Apple today announced a new iCloud+ subscription service, with one of the tentpole features being a Private Relay technology help obscure a user’s web browsing. In a statement to Reuters, Apple has confirmed that this feature will not be available in select countries, including China.

Apple says that Private Relay will not be available in China when it launches to the public later this year. It will also be unavailable in Belarus, Colombia, Egypt, Kazakhstan, Saudi Arabia, South Africa, Turkmenistan, Uganda, and the Philippines. The company attributed these limitations to regulatory reasons.

Apple says that Private Relay is a feature designed to give users another layer of privacy when browsing the web. The company explains:

When browsing with Safari, Private Relay ensures all traffic leaving a user’s device is encrypted, so no one between the user and the website they are visiting can access and read it, not even Apple or the user’s network provider. All the user’s requests are then sent through two separate internet relays. The first assigns the user an anonymous IP address that maps to their region but not their actual location. The second decrypts the web address they want to visit and forwards them to their destination. This separation of information protects the user’s privacy because no single entity can identify both who a user is and which sites they visit.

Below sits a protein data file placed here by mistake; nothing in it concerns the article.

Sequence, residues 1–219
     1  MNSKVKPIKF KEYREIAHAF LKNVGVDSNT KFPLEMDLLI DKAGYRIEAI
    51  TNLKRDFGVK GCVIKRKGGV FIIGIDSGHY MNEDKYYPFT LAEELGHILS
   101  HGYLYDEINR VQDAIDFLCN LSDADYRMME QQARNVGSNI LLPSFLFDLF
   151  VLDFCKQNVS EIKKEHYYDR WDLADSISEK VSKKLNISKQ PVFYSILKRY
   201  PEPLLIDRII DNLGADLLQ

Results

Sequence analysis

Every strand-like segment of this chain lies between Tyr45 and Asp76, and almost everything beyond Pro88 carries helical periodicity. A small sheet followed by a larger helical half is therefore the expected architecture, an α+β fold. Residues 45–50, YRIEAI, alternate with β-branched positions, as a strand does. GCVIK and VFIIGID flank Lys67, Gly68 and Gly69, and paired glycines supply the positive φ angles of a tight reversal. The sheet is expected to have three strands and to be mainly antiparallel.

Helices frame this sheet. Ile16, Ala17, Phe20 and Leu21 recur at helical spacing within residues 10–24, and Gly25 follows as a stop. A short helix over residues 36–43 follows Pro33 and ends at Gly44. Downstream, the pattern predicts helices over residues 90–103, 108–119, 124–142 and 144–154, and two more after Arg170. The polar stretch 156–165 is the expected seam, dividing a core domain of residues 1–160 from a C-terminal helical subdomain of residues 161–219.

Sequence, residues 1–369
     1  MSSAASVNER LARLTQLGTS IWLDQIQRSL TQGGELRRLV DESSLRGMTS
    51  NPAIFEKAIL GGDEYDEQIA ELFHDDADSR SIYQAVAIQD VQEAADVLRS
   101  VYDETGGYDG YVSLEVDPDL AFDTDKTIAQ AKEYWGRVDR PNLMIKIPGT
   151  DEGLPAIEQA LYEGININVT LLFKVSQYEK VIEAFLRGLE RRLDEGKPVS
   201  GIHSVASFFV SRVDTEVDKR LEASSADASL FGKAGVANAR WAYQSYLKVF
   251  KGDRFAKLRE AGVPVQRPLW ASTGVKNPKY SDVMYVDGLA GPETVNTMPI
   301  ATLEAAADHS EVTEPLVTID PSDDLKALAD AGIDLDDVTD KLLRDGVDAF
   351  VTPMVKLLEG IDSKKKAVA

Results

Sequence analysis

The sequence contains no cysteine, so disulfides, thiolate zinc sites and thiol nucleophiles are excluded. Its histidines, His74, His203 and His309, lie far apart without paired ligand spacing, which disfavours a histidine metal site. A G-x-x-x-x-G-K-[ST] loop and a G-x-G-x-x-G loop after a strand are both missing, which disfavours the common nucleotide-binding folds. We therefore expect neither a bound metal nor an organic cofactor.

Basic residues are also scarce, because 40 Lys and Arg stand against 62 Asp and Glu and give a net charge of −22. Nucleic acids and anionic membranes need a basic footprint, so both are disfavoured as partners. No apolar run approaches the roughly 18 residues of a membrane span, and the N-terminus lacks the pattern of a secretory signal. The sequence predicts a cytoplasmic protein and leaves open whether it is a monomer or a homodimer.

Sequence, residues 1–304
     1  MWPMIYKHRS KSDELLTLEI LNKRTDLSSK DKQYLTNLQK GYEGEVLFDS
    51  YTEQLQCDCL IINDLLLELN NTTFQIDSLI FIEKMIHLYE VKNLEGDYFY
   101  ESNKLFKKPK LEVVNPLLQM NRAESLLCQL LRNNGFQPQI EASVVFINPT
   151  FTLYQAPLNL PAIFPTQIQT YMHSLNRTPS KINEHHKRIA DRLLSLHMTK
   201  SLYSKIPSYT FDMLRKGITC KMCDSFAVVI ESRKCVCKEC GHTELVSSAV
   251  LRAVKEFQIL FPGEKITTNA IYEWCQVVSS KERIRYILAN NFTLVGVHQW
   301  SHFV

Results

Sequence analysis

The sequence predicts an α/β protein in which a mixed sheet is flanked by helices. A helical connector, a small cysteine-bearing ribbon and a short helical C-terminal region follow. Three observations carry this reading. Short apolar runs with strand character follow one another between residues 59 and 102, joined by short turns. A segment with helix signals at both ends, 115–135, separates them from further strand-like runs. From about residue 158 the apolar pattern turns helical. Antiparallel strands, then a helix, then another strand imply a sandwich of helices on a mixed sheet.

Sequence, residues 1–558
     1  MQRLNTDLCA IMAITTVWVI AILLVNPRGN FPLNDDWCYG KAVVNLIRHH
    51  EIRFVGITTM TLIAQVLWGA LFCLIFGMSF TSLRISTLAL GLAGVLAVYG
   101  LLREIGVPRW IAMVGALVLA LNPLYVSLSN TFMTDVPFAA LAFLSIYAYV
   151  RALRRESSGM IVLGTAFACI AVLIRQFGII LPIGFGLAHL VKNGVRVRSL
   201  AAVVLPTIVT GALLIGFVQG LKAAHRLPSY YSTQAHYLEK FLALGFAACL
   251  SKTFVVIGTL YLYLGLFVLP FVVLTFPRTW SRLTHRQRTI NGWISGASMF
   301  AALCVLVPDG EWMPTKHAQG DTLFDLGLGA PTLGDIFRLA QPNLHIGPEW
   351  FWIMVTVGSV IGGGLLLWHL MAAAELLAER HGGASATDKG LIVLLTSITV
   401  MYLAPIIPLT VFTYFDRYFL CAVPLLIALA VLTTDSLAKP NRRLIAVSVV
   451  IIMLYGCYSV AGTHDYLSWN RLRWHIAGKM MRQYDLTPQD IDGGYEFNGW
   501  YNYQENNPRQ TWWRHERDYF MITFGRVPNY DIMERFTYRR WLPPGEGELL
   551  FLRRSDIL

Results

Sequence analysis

The first relay is sent through a server maintained by Apple, and the second is a third-party operator, according to Reuters. Apple hasn’t said which third-party operator it is using, but Reuters says the company will disclose the details sometime in the future.

Catch up on all of Apple’s announcements from WWDC 2021 in our full recap right here.

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Chance Miller

Chance is an editor for the entire 9to5 network and covers the latest Apple news for 9to5Mac.

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